IRA reveals talks with arms body
BELFAST, Northern Ireland -- A resolution of Northern Ireland's arms issue is a "necessary step in a genuine peace process," the Irish Republican Army has said.
The IRA's statement came on Thursday as it revealed its representatives have held four meetings with the international disarmament commission since March.
The meetings were confirmed by a spokesman for General John de Chastelain, head of the commission.
"It can be confirmed that these four meetings took place," the spokesman told the UK Press Association.
The IRA said it was committed to resolving the arms issue, but accused the British government of failing to honour its side of the bargain.
The statement -- which came as the Republican leadership faced new pressure from Ulster Unionists to begin emptying its secret arms dumps -- confirmed that a third inspection had been carried out by the two independent arms inspectors.
It said: "Since March 8 our representative has been involved in an ongoing series of discussions with the independent international commission on decommissioning, including four meetings.
"This continuing dialogue and the inspections represent clear and irrefutable evidence of the IRA's commitment to a just and equitable peace settlement.
"The IRA leadership has honoured every commitment we have made and will continue to do so. Others should do likewise.
"We reiterate our view that the resolution of the issue of arms is a necessary step in a genuine peace process."
The IRA publicly pledged in May 2000 to work with the commission to put its stockpiled weapons "completely and verifiably beyond use."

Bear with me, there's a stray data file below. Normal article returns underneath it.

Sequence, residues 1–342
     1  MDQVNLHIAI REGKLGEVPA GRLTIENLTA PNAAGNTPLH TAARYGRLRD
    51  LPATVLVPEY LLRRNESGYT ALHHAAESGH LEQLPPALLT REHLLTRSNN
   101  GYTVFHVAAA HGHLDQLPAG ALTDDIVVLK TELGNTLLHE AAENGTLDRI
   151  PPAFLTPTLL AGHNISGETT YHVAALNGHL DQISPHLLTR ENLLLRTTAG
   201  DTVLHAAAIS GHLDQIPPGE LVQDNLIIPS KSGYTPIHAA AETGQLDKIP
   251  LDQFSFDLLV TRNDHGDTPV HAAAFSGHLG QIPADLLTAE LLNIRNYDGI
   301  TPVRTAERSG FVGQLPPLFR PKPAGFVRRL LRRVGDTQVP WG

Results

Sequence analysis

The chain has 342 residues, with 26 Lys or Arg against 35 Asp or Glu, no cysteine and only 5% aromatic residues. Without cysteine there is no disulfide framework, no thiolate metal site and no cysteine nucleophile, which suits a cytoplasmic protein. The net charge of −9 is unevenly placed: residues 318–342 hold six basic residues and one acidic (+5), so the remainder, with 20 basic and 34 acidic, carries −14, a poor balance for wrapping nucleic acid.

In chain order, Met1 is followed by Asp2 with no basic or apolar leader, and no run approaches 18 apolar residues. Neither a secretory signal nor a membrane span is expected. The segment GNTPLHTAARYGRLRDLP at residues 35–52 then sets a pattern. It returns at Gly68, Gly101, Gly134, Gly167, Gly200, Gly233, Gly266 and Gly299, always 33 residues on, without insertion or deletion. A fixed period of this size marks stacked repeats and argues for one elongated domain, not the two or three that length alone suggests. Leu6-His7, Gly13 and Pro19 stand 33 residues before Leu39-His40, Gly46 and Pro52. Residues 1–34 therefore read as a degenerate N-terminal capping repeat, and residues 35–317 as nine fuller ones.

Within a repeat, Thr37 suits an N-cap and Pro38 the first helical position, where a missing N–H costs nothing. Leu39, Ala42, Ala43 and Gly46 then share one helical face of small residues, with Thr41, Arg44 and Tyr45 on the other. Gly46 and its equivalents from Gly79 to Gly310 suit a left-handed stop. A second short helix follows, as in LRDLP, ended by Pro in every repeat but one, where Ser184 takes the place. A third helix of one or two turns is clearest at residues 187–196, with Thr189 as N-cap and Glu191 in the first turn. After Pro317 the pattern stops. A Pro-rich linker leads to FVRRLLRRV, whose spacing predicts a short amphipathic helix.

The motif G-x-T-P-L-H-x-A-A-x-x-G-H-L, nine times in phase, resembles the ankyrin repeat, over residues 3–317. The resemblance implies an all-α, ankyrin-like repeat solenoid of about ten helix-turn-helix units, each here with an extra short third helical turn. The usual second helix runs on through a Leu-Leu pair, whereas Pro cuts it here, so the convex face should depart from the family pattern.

Soon after, the two independent inspectors, South African Cyril Ramaphosa of the ANC and former Finnish President Martti Ahtisaari, announced they had inspected the IRA's weapons dumps.
Ramaphosa and Ahtisaari, who were unable to carry out a third inspection until concerns over foot-and-mouth disease had eased in Ireland, have since re-examined arms dumps which "held a substantial amount of military material, including explosives and related equipment, as well as weapons and other material."
They said: "We confirm that the arms dumps had not been tampered with and that they have remained secure.
"We observed that the weapons and explosives continued to be safely and adequately stored. We remain confident that they cannot be used without our detection.
"The IRA has once again fully honoured their commitments and complied with the terms of our engagement and we are convinced that this co-operation will continue.
"We will continue to re-inspect the arms dumps in order to ensure that the weapons remain secure."
Ulster Unionist leader David Trimble has warned the British and Irish Governments that he will resign as First Minister of the power-sharing executive at the Northern Ireland Assembly unless the Provisionals start decommissioning their weapons.
But the IRA statement gave no indication of any move by Republicans to meet that demand.
The Rev Ian Paisley's Democratic Unionist Party dismissed the IRA statement, saying that moves on the arms issue were a cynical ploy to boost Sinn Fein's battle with the SDLP for nationalist votes in next week's General Election.
DUP deputy leader Peter Robinson said: "It's all talk and no product.
"The fact that someone sits down and talks to General de Chastelain is hardly earth shattering, is it?
"Its timing again is only for the purpose of attempting to moderate Sinn Fein's position to help it in its struggle with the SDLP."
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